Minimize Stressful Interactions:
During transport, minimize unnecessary interactions with your goats. Loud noises, sudden movements, or interactions with unfamiliar animals can increase stress levels. Create a calm and quiet environment to help keep goats at ease.
After the goats are home and in their quarantine pen, they will need to be given time to adjust. They will need hay and water during this time and continual monitoring. Always have a thermometer on hand and watch for any goat that goes off feed. Take their temperature, keep them hydrated and promptly address the issues that arise.
Remember, they are adjusting to new climate, new water, new housing and new locations of everything.
Prepare for Emergencies:
Be prepared for unforeseen circumstances by carrying a well-equipped first aid kit. Familiarize yourself with basic goat first aid procedures and have contact information for a veterinarian or emergency services readily available.
Be prepared with an emergency supply kit and kidding supplies, including colostrum replacer, if you are transporting a pregnant doe.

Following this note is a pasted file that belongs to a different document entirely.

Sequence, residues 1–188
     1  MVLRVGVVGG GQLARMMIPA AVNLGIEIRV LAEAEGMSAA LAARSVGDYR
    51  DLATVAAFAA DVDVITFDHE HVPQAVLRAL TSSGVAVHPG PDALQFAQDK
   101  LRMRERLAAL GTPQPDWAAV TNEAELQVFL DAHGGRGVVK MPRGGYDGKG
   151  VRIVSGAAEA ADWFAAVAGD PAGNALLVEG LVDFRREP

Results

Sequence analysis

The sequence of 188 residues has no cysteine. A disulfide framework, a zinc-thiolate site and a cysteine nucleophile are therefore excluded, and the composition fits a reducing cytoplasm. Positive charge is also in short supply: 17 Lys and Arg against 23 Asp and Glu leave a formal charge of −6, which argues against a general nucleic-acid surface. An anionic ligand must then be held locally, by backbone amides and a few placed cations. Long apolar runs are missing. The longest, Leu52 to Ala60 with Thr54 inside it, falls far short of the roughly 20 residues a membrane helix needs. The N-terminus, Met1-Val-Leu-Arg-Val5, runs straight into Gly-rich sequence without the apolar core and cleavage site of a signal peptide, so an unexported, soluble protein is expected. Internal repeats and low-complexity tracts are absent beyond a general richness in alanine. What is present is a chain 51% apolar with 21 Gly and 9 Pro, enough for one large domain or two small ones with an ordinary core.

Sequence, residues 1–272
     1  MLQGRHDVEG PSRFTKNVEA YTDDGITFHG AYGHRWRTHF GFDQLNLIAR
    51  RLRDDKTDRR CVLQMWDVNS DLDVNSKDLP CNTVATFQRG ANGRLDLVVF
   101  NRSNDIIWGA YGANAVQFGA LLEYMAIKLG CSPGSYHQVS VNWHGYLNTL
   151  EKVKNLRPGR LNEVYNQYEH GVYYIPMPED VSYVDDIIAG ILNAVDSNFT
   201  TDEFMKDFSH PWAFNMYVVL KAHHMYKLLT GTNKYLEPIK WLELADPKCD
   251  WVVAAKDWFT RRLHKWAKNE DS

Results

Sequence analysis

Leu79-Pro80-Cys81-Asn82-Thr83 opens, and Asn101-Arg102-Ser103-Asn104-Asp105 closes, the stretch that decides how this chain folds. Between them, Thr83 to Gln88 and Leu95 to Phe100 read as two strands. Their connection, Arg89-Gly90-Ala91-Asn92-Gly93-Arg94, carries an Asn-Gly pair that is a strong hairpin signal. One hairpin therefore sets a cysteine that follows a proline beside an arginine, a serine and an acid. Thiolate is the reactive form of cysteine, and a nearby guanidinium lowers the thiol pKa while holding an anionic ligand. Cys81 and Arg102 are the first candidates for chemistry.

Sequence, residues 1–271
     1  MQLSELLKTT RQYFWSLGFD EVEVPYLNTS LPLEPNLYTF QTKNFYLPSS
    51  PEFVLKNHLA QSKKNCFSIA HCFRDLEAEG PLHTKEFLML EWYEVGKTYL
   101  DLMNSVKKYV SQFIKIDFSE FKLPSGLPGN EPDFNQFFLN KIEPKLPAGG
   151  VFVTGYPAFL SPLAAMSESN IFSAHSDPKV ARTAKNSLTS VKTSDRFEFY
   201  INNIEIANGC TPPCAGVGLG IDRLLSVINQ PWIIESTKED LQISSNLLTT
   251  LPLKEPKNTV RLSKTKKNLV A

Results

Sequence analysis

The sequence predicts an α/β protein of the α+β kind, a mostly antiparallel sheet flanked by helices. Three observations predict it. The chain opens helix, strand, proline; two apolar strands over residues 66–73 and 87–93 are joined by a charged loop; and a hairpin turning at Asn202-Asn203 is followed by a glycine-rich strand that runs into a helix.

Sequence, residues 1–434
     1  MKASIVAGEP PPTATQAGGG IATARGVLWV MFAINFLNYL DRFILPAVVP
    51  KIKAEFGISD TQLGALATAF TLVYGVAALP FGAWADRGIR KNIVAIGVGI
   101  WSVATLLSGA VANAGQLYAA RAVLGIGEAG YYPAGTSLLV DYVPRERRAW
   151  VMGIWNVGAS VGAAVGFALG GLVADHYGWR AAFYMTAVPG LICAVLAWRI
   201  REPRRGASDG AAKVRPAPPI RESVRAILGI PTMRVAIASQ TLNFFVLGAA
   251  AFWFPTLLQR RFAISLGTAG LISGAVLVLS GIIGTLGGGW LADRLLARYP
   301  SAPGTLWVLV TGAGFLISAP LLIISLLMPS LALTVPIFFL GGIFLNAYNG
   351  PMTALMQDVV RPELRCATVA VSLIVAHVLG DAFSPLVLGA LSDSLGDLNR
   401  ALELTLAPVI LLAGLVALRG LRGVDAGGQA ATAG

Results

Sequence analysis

Allow your does to settle in at least 3 months before you breed them. This gives them time to adjust, regain their immune system, and get healthy and hearty to produce a healthy and hearty kid or two or three.
Transporting goats can be a smooth and stress-free experience with careful planning and adherence to preventive measures. Ensuring the safety, comfort, and well-being of your goats during transit is paramount for maintaining their health and reducing the risk of injuries or stress-related issues. By implementing these precautions, goat owners can create a positive and secure environment for their goats on the road.